The stigma surrounding mental illness is ultimately cemented into unyielding and inaccessible institutions in the Philippines. In 2021, mental health counseling in Metro Manila could cost up to P4,500 per session. These costs, though, aren’t always formally recognized by schools or workplaces. “A benefit of working in my company before [was my] full healthcare coverage,” Hong recalls. “[But] they didn’t cover…psychiatric consultations and medications. When in fact, mental health is health din naman.”

(When in fact, mental health is health too.)

Sometimes, even the systems put in place to reinforce mental health can fall short. It can be as simple as an unresponsive hotline, but San Miguel recounts the unpleasant experience of a friend who went to a free consultation for mental health and was criticized by the therapist for their problems as a working student. “It’s hard because if everyone around you won’t believe that there’s something wrong with you…it will make you question yourself,” she says regretfully.

Getting by

Managing the heavy toll of having a mental illness, along with the challenges of daily life, is no easy feat. Taking measures such as reaching out and deciding to see a psychiatrist for prescriptions and therapy may ease the weight off one’s shoulders. “Yung mood disorder kasi pwede mo siyang ma-treat through medications,” San Miguel shares. “When I was in the hospital, I had to get help, professional help, and I started taking medications and therapy.”

Helping one another means coming together. In order to better serve and understand those who struggle with mental illness, San Miguel emphasizes that mental health education should be made aware of by society as a whole. “Maybe add it to what they teach within the school and faculty…as early as elementary or high school. [It’s] very important na maging aware ‘yung mga tao regarding mental health.”

(It’s very important that people become aware of mental health.)

On the other hand, Hong presses for the acknowledgement from private institutions and corporations. He suggests that companies impose policies to recognize such, recalling the times he struggled to ask for a sick leave at his previous employer for mental health reasons, “I couldn’t state [on the] letter [that it was for] mental health reasons so I had to make up a fake illness,” he confesses. “A good measure to have in place is providing allowance for sick leaves or absences for mental health reasons.”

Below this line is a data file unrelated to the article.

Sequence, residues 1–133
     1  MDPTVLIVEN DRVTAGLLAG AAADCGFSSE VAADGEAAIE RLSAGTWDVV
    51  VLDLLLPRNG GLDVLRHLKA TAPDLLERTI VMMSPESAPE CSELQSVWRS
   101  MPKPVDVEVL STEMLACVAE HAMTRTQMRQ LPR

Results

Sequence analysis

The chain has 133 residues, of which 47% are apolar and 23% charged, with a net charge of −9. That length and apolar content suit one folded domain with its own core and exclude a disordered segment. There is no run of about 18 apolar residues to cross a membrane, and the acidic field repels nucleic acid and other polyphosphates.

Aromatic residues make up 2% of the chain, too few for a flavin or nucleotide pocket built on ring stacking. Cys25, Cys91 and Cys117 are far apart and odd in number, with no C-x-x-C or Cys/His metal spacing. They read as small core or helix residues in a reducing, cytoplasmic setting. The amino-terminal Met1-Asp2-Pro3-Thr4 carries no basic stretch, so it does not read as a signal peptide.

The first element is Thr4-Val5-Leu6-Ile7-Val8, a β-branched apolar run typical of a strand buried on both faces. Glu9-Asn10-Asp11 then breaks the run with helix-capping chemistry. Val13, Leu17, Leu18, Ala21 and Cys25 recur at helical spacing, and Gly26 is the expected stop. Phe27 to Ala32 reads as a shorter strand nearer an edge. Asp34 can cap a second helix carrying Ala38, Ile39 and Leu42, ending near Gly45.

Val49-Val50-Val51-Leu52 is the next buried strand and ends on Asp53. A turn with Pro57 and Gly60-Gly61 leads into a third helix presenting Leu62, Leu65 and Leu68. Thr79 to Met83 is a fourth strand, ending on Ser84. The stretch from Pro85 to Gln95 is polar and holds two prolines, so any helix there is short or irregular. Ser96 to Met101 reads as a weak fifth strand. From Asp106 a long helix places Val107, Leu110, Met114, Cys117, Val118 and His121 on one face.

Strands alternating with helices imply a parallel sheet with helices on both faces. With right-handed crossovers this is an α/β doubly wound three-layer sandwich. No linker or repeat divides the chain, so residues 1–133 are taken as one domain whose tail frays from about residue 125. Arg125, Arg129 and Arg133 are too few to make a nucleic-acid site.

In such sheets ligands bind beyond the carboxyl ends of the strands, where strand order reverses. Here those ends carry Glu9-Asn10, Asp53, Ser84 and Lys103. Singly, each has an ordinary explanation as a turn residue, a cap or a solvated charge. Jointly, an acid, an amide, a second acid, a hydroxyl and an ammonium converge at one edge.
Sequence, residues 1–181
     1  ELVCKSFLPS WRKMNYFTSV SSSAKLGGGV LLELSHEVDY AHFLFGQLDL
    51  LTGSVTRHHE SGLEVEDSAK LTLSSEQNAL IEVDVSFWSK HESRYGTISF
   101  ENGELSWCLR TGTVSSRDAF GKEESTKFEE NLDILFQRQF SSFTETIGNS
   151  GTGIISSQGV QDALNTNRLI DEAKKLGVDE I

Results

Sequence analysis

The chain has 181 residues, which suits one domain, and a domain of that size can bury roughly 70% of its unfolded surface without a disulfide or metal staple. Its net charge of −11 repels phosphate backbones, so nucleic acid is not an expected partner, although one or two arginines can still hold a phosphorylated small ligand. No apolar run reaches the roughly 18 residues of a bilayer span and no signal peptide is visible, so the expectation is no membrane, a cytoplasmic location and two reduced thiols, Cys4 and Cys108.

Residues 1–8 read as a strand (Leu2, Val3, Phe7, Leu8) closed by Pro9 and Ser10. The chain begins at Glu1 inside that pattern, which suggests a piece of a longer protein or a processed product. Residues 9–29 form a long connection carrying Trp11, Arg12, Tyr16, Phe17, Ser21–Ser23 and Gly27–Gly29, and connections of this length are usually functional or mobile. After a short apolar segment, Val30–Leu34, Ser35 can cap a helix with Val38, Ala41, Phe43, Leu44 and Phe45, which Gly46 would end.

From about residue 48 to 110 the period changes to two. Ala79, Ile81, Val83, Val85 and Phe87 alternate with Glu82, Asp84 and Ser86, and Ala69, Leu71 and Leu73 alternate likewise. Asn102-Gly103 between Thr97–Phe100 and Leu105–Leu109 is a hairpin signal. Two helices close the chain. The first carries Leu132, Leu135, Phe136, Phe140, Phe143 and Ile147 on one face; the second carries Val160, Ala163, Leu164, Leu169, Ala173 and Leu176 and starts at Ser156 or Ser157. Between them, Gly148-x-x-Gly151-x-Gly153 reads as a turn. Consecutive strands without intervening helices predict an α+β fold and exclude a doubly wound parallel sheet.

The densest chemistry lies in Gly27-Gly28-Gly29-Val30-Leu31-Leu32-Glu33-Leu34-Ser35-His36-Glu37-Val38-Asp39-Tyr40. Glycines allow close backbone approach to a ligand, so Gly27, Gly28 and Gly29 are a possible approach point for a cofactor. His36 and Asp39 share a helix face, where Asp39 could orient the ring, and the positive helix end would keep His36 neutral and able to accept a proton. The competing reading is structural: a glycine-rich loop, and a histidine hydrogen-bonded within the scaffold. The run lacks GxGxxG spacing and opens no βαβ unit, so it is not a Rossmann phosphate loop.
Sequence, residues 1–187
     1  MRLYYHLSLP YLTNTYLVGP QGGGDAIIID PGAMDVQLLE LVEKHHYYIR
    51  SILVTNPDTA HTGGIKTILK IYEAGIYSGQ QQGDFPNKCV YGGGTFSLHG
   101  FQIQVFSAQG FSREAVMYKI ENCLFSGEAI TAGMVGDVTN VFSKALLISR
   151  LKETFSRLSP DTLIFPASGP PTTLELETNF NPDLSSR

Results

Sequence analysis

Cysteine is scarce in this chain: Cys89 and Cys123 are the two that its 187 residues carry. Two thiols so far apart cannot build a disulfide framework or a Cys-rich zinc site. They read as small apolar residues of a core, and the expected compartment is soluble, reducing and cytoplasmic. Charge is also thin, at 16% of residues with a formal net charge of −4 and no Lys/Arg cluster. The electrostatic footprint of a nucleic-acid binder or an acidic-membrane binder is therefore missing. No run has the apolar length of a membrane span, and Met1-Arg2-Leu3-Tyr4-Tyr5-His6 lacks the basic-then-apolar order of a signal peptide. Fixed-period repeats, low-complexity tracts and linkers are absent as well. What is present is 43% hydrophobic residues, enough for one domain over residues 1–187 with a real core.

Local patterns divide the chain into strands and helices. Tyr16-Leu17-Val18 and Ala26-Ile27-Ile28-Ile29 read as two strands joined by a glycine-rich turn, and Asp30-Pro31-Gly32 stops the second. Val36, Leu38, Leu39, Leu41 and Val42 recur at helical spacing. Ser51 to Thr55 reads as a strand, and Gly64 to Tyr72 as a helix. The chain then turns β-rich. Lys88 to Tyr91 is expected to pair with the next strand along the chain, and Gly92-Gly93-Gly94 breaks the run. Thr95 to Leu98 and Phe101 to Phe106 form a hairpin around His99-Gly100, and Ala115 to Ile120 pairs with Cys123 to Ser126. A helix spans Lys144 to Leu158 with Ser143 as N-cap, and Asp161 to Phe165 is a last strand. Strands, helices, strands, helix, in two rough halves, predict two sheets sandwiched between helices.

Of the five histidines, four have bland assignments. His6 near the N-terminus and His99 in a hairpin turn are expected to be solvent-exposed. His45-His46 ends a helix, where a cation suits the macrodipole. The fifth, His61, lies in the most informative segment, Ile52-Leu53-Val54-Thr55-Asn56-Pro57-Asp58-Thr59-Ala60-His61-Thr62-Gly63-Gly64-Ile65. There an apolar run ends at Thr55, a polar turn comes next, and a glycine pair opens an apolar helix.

Light at the end of the tunnel

The stigma toward mental health and the struggles cannot be completely avoided by policy implementations and advocacies alone. However, having a strong support system of family and friends truly goes a long way in coping with the stressors of these unseen illnesses.

While some find it easy, showing vulnerability and opening up to others is a tough thing to do for some dealing with mental health issues. The first step to pull yourself out of the dark is the hardest, but both Hong and San Miguel stress the importance of knowing it doesn’t have to be dealt with alone. “Don’t be afraid to reach out,” Hong urges. “You’re not a burden…it’s very important to know na andaming magmamahal sa inyo and even if you are diagnosed with something or with mental illness, you’ll be fine,” San Miguel adds.

(There are a lot of people who will love you.)

Hopeline PH by the Natasha Goulbourn Foundation

+63 917 558 4673 (Globe)

+63 918 873 4673 (Smart)

(02) 8804 4673 (PLDT)

In Touch: Crisis Line

+63 917 800 1123 (Globe)

+63 919 056 0709 (Smart)

(02) 8893 7603 (PLDT)

DLSU Office of Counseling and Career Services (Main Office)

Room 203, 2nd floor, Br. Connon Hall

(02) 524 4611 Loc. 419

Clarisse Bernal

By Clarisse Bernal

Red Binay

By Red Binay

Therese Genota

By Therese Genota

Leave a Reply